When have you had a great experience with a company?
Maybe it was when you sought to make a complicated change to your airline ticket, and the process turned out to be much more straightforward than you’d instinctively feared. Or maybe it was when you needed to understand an essential nuance about your company’s cloud usage – and the provider’s online tools and chatbot proved to be intuitive and informative.
These kinds of great experiences are essential, and indeed, will remain so. From a business standpoint, this is about optimizing touchpoints with customers across marketing, sales and service channels – ensuring that customers are engaged at the right times in the right ways. It’s at the heart of what’s usually referred to as a customer experience (CX) strategy.
Now, here’s another question: When was the last time you were blown away by an experience with a company?
Maybe, when you were looking into the possibility of adding a skylight to your attic, you came across a company called Velux. You would have been excited to download an augmented-reality app that lets you see how their many styles of skylights would look in different locations on your ceiling. It’s a new, innovative and convenient way for a homeowner to scope and visualize a home improvement project – and engage with a manufacturing brand that typically would have little more than a brochure-style website.
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When was the last time you were blown away by an experience with a company?
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What our research uncovered is that today’s top growth companies are thinking about experience in ways that go beyond CX alone.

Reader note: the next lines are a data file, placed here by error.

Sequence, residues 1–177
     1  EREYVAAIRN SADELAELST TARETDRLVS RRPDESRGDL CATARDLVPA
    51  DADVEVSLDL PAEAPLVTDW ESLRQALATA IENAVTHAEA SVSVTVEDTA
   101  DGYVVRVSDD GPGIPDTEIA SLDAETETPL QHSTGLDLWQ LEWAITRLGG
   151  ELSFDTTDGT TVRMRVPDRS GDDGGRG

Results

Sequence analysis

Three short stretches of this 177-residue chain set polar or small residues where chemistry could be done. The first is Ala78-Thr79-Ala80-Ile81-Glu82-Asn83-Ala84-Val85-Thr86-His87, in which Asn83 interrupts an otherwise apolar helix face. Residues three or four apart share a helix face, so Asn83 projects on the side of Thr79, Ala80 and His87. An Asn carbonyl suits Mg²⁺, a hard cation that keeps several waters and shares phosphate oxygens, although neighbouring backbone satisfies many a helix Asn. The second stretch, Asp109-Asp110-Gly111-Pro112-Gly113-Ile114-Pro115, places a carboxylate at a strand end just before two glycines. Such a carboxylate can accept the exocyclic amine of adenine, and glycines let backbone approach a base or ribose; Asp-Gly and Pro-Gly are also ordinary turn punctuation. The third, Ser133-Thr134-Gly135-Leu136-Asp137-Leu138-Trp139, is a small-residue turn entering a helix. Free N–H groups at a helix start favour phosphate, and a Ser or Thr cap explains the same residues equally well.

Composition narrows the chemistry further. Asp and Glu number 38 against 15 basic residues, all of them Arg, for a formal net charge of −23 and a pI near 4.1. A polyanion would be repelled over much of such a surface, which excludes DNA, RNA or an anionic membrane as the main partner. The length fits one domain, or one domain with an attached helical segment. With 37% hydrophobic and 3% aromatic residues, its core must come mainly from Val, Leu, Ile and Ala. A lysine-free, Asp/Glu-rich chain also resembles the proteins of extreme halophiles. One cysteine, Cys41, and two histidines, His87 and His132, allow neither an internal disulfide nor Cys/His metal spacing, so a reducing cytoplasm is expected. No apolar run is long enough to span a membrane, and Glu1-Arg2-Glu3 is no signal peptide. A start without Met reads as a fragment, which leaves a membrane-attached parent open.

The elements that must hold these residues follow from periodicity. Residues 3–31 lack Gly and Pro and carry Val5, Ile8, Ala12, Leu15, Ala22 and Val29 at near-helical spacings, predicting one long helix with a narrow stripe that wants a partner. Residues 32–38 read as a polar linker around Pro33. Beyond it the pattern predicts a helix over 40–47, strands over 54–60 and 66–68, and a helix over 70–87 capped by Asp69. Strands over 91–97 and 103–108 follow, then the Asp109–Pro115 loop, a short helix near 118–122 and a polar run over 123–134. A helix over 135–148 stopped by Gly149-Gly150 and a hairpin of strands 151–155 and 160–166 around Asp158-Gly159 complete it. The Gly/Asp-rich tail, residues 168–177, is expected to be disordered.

Instead (or, I should say, in addition), they’re putting experience at the heart of what the company does – what the business stands for, how it operates and innovates, how it solves customers’ needs. And they make sure it’s the focus across the entire enterprise, beyond just marketing, sales and service functions. We call this the Business of Experience (BX).
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Why BX and why now? Best Buy has an answer
BX companies design their entire business through the lens of experience to give customers what they need.
Take Best Buy. While many retailers in the COVID-19 pandemic moved to implement curbside pickup, Best Buy went further, bringing together product development, sales and operations teams to rapidly redesign the way customers experienced the business. Across its 1,400 stores, the company implemented a system to prioritize orders based on customer proximity to the store, simplify customer verification at curbside, enable friend and family pickup options, and expand pickup locations beyond stores to also include Best Buy warehouses. Even while the stores were closed, customers could still access the essential technology they needed in a safe and convenient way.
Embracing BX: What the research shows